Kisses from Iran
I remember discovering Tintin in the Congo to the elementary school. Seduced by all the absurd gags with the wild animals, I run to my teacher to say: "wesh it's so funny and all Tintin he drills a hole in a rhinoceros and then he blows a bar of TNT inside dead of laughter" – immediately she stops me: "I don't like this one too much. "My face asks why. As – I understood it later – she didn’t want to tell me head-on "Hergé is a Nazi KKK slave-owning fascist", she answered me kindly, oh the beautiful euphemism: "The first ones Tintin are not very successful because Hergé didn’t go to document himself on the spot. "This cannot be said of Lenaïc Vilain and his Greetings from Iran.
Lénaïc and his companion travel in an unexpected country which has just opened its doors to tourism: Iran. It is the occasion for him to make us discover the contemporary Iranian civilization, its ruins and its past, but also the condition of the woman, the homosexuality, the economic development, how to arrange with the Koranic law to live a fulfilled sexuality.
It seems to be a custom at Vraoum editions, Greetings from Iran in the first place is a beautiful book, that we like to hold in our hands, and that makes smile from the credits (“Dervish corrector” / “Sufis proofreaders” / “Muezzin Press”). Another aesthetic advantage, not negligible in this Christmas period: the cover is limited to Iranian colors, green red white gold; in other words, if you are out of decoration for the 24th, and you notice while diving in the stores that there is less line at the bookstore than at Maisons du monde, there is always a way to buy a stock of Good kisses, and to wedge some everywhere on your table. In addition, it will vary the drivel of the older ones: instead of whining against the bright luxury of your ornaments (“in my time, we made garlands with hair and hard bread !”), you will have grumbles against the Islamization of the French tradition. You’re going to make them miss the version of Christmas that last year they conspelled, to those old steaks ! But what is most moving about this book (still from a material point of view), is that the editorial choices perfectly accompany Lenaïc VilainRs approach (it seems that because of his name Santa Claus never brought him anything). Naughty puts his big drawings on parchment paper, in black and gold bichromy, like the old Persian writings.
It takes a noble support, and covers it with pragmatic stories, drawn pragmatically. This operation is in line with the background. The book takes a country that arouses a lot of fantasies (usually negative) and checks concretely what happens there.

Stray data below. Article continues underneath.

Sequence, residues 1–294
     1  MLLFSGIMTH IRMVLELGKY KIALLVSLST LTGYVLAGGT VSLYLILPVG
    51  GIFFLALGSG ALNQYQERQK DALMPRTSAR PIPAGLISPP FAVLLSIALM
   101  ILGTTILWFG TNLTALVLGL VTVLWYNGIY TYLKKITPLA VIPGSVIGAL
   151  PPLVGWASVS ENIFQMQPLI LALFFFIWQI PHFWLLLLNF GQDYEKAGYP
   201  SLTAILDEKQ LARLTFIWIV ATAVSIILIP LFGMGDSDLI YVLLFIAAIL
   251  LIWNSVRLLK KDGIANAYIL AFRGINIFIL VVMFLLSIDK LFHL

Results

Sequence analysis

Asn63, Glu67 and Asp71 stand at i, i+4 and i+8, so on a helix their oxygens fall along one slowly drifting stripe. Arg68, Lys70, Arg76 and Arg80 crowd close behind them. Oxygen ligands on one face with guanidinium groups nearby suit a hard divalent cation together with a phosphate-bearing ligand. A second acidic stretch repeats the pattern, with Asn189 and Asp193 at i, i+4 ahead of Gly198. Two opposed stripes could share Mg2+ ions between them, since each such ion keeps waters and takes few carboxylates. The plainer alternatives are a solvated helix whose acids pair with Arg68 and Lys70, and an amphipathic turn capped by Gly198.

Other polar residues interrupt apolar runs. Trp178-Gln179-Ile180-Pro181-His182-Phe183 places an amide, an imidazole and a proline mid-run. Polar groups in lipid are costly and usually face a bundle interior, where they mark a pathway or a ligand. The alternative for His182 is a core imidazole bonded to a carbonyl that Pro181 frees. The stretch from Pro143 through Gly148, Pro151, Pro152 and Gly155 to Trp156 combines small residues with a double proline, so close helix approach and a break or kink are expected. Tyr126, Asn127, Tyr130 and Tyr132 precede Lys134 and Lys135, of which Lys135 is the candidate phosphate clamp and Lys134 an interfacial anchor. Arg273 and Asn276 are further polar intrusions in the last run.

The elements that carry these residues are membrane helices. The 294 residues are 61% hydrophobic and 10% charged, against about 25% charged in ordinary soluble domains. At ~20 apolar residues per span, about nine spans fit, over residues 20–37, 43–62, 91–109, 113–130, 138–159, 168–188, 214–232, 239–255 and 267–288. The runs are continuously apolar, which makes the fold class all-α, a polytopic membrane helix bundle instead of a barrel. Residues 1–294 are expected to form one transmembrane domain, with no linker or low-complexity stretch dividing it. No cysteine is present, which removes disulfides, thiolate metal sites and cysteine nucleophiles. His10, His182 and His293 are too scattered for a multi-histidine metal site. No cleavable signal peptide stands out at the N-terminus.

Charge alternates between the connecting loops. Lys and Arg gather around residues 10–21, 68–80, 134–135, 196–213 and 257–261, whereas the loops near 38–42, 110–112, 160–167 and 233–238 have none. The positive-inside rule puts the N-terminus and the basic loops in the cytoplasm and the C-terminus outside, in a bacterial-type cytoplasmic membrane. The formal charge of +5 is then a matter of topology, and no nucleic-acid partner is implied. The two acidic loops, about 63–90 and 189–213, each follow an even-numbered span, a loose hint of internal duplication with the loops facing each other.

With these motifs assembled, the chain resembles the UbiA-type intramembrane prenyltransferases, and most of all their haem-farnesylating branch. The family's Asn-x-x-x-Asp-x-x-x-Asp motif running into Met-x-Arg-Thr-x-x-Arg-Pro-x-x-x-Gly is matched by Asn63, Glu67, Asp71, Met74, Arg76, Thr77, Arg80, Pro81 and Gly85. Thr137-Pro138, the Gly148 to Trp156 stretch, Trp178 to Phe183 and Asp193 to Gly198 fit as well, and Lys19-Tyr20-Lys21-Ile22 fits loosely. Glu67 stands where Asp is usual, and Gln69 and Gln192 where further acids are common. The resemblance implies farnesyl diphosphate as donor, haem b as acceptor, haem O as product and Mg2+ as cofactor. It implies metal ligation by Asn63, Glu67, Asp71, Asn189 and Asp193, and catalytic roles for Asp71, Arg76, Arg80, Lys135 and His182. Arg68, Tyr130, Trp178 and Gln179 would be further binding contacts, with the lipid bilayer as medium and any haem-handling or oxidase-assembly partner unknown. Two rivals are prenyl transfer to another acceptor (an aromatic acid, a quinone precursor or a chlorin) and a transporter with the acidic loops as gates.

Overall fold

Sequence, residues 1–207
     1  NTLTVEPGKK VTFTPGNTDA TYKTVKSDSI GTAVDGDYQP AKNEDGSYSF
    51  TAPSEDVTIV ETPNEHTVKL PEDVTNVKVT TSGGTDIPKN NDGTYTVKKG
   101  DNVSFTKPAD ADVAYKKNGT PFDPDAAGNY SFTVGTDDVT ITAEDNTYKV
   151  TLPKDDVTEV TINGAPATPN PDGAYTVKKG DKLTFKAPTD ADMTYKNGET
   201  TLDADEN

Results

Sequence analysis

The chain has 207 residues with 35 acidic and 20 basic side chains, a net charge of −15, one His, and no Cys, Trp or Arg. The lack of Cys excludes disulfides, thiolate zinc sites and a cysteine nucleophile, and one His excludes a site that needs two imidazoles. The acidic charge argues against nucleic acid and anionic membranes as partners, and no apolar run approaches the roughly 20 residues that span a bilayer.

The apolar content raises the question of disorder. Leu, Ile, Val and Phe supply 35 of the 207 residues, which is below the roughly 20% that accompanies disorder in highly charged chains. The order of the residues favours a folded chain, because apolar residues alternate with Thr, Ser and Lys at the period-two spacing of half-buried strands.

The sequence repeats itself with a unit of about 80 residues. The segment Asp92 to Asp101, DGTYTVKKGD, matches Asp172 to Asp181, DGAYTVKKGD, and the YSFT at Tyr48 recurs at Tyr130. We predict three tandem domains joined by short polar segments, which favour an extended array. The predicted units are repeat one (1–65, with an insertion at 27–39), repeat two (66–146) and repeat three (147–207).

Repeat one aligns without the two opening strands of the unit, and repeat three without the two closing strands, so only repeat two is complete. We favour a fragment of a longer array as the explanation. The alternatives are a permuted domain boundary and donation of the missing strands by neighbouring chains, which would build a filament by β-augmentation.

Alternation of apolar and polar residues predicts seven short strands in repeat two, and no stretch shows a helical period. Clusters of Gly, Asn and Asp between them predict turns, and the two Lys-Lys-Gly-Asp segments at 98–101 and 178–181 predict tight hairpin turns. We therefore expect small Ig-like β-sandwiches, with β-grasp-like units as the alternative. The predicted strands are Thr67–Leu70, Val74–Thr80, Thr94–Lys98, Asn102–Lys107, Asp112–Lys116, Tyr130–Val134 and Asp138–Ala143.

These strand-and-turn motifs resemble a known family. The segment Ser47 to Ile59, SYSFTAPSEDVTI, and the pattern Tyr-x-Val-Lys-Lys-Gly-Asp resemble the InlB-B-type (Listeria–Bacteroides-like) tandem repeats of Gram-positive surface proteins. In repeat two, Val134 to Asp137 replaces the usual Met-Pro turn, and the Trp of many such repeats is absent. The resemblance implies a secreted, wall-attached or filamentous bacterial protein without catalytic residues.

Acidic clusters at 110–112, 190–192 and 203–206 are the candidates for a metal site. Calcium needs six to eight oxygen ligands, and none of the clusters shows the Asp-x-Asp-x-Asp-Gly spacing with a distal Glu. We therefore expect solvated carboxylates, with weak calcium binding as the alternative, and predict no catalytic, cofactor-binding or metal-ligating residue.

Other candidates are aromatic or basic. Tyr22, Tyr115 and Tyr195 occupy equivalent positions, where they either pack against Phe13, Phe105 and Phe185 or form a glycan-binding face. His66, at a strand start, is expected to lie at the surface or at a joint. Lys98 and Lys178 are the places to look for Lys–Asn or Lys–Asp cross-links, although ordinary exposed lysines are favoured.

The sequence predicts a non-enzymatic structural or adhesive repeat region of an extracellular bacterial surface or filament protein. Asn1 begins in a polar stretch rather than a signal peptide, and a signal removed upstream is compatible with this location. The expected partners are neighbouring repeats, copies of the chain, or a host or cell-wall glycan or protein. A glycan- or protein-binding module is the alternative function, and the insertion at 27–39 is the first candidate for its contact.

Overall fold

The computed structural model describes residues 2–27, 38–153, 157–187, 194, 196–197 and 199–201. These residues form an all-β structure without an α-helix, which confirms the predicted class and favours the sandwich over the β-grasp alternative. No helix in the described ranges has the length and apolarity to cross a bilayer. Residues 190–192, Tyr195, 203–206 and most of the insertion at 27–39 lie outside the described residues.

As the composition of the cover shows, Vilain opposes to the verticality of fabulists a full horizontality of pedestrian, here and now.
When the back cover announces that we are going to discover “the contemporary culture of a population divided between conservatism and openness”, we start to feel lazy: I thought I was going to read a good little comic book, and in fact here I am in front of a travel agency brochure. It’s just that this fourth cover doesn’t present the case well. In my opinion the book is successful because it does not concern itself with demonstrating anything, but with showing people meeting other people, all of them having above all the preoccupation of living, that is to say, roughly speaking, eating, sleeping and occupying the remaining time.
Good kisses contains very few distanced considerations about the clash of civilizations or whatever, but a lot of down-to-earth details, the questions asked at the airport exit, the price of a hotel room, the price of a taxi ride, the price of a car, the price of a car, the price of a car, the price of a car, the price of a car, the price of a car, the price of a car, the price of a car, the price of a car, the price of a car; a cab ride, the price of the Iranian currency, the layout of the stores, how to cross a road, the temperature, the wind… Naughty never takes the position of the one who knows, or the one who is super casual and open strolling proudly greeting everyone, tasting in every dish. The effort to render reality honestly is also played out in the author’s portrait of himself. He is surly, refusing opportunities to explore that an Antoine de Maximy would have dreamed of having. We see him running away from an imam who proposes him to attend a religious course for young girls, we see him being voluntarily arrogant with people from Rennes because he hates to meet French people on a trip” and the nasty remarks are not excluded: "In the guidebook, they say that Teheran is the ugliest city in Iran. – Well it’s a bit stupid to choose it as capital. "Since Vilain dares to portray himself in this impurity, curious but not too much, tolerant to the extent of his comfort, we are inclined to receive with benevolence all the people we meet, even the most shady, even the most aggressive – we feel that everyone has his reasons. The comic book in question has, finally, the elegance to let us manage with all that.
We don’t have to come to the same conclusion as Lenaïc Vilain and his gow after their trip. Besides, no conclusion is formulated. And maybe that’s what we have to remember about this trip: when it’s real, no generalities hold.